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The Elementals Mass Market Paperback – March 15, 1994

17 customer reviews

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Editorial Reviews

From Library Journal

Remnants of humanity escape the great flood and make their way to safety in prehistoric Ireland. A singer and his companions survive the volcanic eruption that destroys the palace of Minos in Crete. A farmer's wife in 19th-century New Hampshire discovers the secrets of a sacred stone, and in the 21st century, George Burning Feather seeks the wisdom of the past to combat the ultimate natural disaster--the death of the air. The best-selling author of Lion of Ireland (1983. o.p.) turns her storytelling gift to a New Age eco-fantasy that reflects the need for reconciliation with the forces of nature. Though the connections among the four stories comprising this volume emerge only in the final story, each tale bears its own compelling message. Libraries should strongly consider this title for fantasy or general fiction collections.
Copyright 1993 Reed Business Information, Inc. --This text refers to an out of print or unavailable edition of this title.

Review

"An alluring ecological fantasy . . . Poetic." --Publishers Weekly

"A stirring, often touching song to nature and to humanity's interdependence with it, and an impassioned reminder that we are not merely tenants on this earth, but custodians."--Alan Brennert
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Product Details

  • Mass Market Paperback: 384 pages
  • Publisher: Tor Fantasy (March 15, 1994)
  • Language: English
  • ISBN-10: 0812518152
  • ISBN-13: 978-0812518153
  • Product Dimensions: 4.2 x 1 x 6.8 inches
  • Shipping Weight: 4.8 ounces
  • Average Customer Review: 4.1 out of 5 stars  See all reviews (17 customer reviews)
  • Amazon Best Sellers Rank: #2,782,390 in Books (See Top 100 in Books)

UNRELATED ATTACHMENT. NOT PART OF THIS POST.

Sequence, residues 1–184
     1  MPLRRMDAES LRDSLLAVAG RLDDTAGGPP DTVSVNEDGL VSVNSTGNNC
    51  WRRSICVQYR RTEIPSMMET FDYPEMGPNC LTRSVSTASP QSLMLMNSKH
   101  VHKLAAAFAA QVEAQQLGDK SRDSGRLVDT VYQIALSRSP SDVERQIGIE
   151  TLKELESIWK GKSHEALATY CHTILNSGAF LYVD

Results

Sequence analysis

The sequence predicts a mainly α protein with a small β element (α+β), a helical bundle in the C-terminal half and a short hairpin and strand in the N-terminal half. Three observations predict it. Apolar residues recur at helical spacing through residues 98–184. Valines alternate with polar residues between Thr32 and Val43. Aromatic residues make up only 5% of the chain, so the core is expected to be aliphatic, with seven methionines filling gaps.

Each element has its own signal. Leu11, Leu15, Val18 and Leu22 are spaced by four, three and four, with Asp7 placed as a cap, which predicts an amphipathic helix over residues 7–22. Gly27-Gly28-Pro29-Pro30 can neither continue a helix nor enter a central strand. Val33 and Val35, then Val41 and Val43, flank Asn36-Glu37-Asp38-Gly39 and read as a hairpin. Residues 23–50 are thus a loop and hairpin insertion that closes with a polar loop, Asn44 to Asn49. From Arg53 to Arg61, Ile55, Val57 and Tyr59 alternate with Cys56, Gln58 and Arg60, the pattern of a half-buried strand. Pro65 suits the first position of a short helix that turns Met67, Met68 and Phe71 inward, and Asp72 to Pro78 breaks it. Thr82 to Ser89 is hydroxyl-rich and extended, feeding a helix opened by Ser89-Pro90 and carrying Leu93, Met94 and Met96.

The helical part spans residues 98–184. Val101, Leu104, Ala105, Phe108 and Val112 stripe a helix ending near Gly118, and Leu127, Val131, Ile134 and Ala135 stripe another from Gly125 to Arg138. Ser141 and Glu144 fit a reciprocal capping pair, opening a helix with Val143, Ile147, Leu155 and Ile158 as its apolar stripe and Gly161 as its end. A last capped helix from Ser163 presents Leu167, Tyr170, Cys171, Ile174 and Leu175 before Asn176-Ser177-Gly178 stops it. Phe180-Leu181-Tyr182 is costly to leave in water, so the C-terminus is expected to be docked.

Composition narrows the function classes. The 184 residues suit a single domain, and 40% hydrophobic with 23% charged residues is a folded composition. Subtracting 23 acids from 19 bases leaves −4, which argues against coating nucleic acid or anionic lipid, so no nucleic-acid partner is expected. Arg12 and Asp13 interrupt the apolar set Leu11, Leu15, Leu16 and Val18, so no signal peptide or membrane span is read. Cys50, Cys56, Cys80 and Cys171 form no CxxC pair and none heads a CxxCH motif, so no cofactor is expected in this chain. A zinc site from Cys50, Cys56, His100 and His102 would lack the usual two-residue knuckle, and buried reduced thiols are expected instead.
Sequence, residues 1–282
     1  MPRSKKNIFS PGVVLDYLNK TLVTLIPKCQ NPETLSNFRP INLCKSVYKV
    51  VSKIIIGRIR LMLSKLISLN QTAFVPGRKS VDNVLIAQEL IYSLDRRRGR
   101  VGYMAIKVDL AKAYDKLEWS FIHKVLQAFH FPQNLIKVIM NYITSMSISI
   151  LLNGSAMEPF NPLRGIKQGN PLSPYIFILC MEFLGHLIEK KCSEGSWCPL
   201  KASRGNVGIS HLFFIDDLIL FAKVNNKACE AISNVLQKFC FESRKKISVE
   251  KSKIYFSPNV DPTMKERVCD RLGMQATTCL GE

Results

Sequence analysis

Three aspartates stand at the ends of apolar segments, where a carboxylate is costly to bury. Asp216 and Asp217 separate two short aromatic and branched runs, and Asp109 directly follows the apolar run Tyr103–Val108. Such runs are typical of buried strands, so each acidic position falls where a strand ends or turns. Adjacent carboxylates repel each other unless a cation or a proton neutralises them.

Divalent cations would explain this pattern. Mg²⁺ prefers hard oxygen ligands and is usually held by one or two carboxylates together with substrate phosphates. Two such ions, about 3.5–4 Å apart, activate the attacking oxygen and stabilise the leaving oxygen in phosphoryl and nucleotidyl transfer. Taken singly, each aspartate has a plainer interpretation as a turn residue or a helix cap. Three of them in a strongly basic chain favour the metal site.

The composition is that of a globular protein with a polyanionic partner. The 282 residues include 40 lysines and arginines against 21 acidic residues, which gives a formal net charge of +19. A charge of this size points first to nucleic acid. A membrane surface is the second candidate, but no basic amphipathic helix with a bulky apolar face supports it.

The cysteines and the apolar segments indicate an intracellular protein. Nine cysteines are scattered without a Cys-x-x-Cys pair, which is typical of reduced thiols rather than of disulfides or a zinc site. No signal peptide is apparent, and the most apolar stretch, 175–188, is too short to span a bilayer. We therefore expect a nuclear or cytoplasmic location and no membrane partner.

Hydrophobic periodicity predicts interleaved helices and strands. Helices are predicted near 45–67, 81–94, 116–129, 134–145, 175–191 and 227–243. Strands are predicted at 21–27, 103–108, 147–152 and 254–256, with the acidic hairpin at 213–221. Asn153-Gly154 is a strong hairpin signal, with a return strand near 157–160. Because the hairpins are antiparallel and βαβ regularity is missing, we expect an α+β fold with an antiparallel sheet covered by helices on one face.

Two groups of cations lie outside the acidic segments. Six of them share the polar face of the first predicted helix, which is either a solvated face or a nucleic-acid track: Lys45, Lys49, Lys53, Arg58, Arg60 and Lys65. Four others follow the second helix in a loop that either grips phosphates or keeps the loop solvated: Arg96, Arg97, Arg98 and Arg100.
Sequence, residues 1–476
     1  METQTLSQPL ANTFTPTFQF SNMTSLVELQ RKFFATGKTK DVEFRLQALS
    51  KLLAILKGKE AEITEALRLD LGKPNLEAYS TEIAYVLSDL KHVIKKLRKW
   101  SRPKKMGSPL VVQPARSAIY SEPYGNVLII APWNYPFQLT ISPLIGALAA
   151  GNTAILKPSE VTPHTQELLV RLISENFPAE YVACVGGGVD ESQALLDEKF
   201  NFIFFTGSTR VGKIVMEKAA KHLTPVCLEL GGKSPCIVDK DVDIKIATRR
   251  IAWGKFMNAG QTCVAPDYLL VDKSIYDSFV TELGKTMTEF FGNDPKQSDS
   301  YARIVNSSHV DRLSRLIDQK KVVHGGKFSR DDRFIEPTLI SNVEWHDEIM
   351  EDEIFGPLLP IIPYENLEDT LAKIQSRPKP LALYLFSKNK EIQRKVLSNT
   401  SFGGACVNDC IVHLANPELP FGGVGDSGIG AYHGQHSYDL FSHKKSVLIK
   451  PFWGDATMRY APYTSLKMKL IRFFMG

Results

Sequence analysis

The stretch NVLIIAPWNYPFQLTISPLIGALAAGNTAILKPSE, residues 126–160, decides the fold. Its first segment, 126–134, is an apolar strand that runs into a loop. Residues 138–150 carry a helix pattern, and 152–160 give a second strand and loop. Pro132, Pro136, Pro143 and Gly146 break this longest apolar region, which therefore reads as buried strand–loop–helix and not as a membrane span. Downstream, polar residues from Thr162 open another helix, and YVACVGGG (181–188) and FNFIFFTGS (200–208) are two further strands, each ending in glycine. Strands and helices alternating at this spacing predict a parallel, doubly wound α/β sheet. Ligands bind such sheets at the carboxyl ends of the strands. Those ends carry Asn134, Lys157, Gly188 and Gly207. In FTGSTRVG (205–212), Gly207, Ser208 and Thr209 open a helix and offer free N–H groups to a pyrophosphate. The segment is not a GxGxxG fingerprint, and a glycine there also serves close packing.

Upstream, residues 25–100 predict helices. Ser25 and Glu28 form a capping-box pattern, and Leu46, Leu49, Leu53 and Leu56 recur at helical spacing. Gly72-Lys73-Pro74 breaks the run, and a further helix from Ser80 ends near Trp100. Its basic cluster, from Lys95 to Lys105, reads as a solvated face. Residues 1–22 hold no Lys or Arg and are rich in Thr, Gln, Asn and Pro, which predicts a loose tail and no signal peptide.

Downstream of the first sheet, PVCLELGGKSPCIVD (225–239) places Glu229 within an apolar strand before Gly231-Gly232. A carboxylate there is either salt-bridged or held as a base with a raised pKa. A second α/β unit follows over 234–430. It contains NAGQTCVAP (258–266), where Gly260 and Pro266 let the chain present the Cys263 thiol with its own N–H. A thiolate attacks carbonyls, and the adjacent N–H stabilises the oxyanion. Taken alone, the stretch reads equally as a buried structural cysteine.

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Customer Reviews

Most Helpful Customer Reviews

7 of 8 people found the following review helpful By A Customer on August 14, 1998
Format: Mass Market Paperback
This book initially seems to begin as a series of rather odd short stories, until the author sneaks up behind you like a thief, stealing your breath and your heart, and you find your jaw was left on the ground about a mile back. I've never been an environmental fanatic, but upon closing this book I immediately went and threw out my aerosol hairspray cans. Well worth reading, and VERY well worth reading a second time!
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5 of 6 people found the following review helpful By George Stark on March 20, 2000
Format: Mass Market Paperback
This book was one of three books we studied in my English Lit II class. I read the whole book in one day, and it was a great book. The Elementals combines classic myths with great fictional storytelling. The first two parts are fantastic, especially the second about the destruction of the island of Thebes, which is one of the islands belived to be the real Atlantis. The final story was a tough one for me to read, because it portrays a very disturbing end to the human race, but the book ends with a strong hope for redemption. A tremendous effort by one of the leading Celtic writers of our time.
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4 of 6 people found the following review helpful By Harriet Klausner #1 HALL OF FAME on June 16, 2003
Format: Paperback
"Water". The melting of the ice caps leads to the great flood destroying Atlantis. Few survive the calamity, but Kesair leads the small band in a desperate search for land that takes them to Emerald Isle in hopes of starting over
"Fire". If you can make it in the palaces of Crete, you can make it anywhere thinks talented musician Meriones. When the volcano erupts, spewing fire everywhere, Meriones struggles not just to survive, but to rethink his philosophy of life. He now understands that man proposes, nature disposes.